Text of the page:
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How to improve fertility with PCOS

Updated: Mar 14, 2023

If you've been diagnosed with PCOS then you may be worried about your ability to conceive with PCOS. This article will put your mind at ease and give you some practical tips to improve fertility.

The impact of PCOS on fertility and how to improve your fertility naturally

PCOS (polycystic ovarian syndrome) is one of the most common reasons for anovulatory infertility. This is infertility that is caused by absent or irregular ovulation However, it is treatable and just because you have PCOS does not mean you WILL struggle to conceive, I know thousands of women who have conceived quickly and without much effort at all despite having a PCOS diagnosis.

With my first, we really had to put the effort in and it took 12 months for us to conceive (you can read more about our journey here) but the second time around it happened instantly and without consciously making much effort at all.

If your periods are irregular, then it may take you slightly longer than those without PCOS to fall pregnant as it makes timing and knowing when you are ovulating slightly more challenging.

Please remember that you ARE still able to fall pregnant, so if you are not trying to conceive it’s important to use a reliable form of contraceptive.

Infertility is defined as not being able to conceive after 12 months or more of having regular (every 2-3 days) unprotected sex.

Hat with baby announcement

How does PCOS effect fertility?

Every month a few eggs start the process of ‘maturing’, one of these eggs will reach full maturation and be released, ready to be fertilized by a sperm. This release usually happens 13-15 days before the start of your menstrual bleed and is triggered by a spike in Luteinizing hormone (LH).

Various hormones (such as LH and estrogen) are involved in the maturation and release process of an egg, however, with PCOS we typically see an imbalance in these hormones which prevents an egg from reaching full maturation and therefore being released. This is then known as an anovulatory cycle and is the cause for absent or irregular periods.

When we don’t ovulate then it’s not possible to fall pregnant, and when our cycles are irregular then timing intercourse around ovulation suddenly becomes quite tricky.

What can you do to improve fertility with PCOS?

Work on regulating your cycles,

This will involve making sure you’re eating enough, working on stress management, getting enough sleep, improving insulin sensitivity and lowering testosterone levels. Even if you’re not ready to have children yet, it’s really important to have regular cycles to reduce your risk of endometrial cancer.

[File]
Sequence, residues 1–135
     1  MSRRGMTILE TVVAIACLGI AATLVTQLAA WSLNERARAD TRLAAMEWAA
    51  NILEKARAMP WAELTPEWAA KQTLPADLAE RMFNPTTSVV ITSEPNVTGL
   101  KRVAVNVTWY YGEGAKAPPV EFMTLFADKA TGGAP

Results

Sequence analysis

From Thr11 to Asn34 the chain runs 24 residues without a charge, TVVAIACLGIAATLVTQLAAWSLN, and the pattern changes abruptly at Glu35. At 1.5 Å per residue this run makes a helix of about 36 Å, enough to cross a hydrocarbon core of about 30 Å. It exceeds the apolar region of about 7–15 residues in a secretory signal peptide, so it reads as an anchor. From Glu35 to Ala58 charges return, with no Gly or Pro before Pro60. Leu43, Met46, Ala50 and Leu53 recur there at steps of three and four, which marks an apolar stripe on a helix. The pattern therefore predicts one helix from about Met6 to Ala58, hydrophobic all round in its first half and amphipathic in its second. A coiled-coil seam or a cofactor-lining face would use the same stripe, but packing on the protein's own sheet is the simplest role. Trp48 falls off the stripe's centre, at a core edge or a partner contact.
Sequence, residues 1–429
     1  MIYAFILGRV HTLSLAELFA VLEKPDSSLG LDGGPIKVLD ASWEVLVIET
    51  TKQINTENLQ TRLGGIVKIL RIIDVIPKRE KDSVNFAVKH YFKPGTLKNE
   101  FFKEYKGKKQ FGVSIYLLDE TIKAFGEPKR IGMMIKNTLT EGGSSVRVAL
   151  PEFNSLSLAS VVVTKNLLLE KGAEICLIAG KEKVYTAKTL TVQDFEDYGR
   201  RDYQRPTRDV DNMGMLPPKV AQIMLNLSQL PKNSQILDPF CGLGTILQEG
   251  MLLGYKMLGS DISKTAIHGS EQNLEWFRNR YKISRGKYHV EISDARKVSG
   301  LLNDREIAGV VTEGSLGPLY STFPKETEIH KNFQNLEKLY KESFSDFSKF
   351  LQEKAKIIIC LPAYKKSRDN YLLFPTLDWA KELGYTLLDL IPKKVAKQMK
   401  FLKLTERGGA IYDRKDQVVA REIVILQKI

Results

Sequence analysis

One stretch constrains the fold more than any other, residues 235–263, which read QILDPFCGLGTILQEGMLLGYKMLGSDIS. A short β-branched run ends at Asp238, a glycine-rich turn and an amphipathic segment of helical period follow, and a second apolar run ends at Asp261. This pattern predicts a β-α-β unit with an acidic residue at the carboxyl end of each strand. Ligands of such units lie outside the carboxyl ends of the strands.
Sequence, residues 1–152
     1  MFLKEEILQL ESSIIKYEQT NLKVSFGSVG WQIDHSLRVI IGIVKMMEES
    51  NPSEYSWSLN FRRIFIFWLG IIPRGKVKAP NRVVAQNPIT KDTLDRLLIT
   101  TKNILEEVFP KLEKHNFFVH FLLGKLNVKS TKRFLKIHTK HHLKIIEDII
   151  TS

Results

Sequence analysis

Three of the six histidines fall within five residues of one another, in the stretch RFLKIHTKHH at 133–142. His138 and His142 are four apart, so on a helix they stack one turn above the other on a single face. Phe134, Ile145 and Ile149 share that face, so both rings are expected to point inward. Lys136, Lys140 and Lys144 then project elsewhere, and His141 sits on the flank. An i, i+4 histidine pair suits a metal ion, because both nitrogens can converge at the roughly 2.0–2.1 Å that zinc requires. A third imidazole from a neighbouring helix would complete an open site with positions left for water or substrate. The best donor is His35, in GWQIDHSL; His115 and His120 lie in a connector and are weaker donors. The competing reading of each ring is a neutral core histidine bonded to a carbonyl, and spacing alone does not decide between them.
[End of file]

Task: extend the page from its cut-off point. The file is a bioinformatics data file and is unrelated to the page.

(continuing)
You may find it useful to use a tracking app such as Clue or Flo to help you identify any trends/abnormalities.

Have sex every 2-3 days,

For many couples this is A LOT! And it may quickly start to feel like a chore, try to find ways to make it fun. You could set your alarm for a morning quickie if you’re usually too tired in the evening. Or head up to bed a little earlier to make sure you have time and energy before hitting the lights.

Do things to help you improve your confidence, this can help boost libido!

We know that those with PCOS can struggle with low confidence, depression and anxiety – not very conducive to wanting to rip your clothes off right? Spend some time working on reducing anxiety and depression, adopting self-care practices, finding ways to exercise/move more throughout the day to boost those feel good endorphins, sticking some post-its with affirmations on your mirror as a daily reminder of the things you love about yourself – leave the pen and post-it somewhere your partner can access them and encourage them to add a few.

Speak to your partner & friends,

The burden of fertility struggles is a heavy one and not something you should have to face alone. The female in the relationship often feels responsible for not being able to fall pregnant, always remember that it takes two to tango, and unless your partner has had a semen analysis that rules out any issues from his side, it’s important that he is also making lifestyle changes to improve fertility.

Take the stress out of the situation,

If you’ve been religiously tracking your cycles and ovulation and it’s becoming a cause of stress, then ask yourself if you are able to step back from tracking for a while and try to have fun with the process a little. If you’re having sex every 2-3 days then you won’t need to worry about when you’re ovulating, there will be a sperm ready and waiting for that egg when it comes along.

Give yourself time,

Knowing that it is quite normal for it to take 12 months to conceive will help you manage your expectations and takes the pressure off when it doesn’t happen straight away. If it happens quicker, it will be a pleasant surprise.

Chat to your GP,

After 6 months chat to your GP, let them know that you are trying to conceive and would like to have a panel of bloods done to see if there are any changes you need to make to improve your chances. This is even more important if your cycles are still irregular as it may give you some insight into what hormonal imbalances are responsible for any anovulatory cycles.


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Uncover the 3 simple, highly-effective steps used by myself and all my clients to improve their PCOS symptoms, regain their confidence and live a life they love with PCOS (without dieting). 

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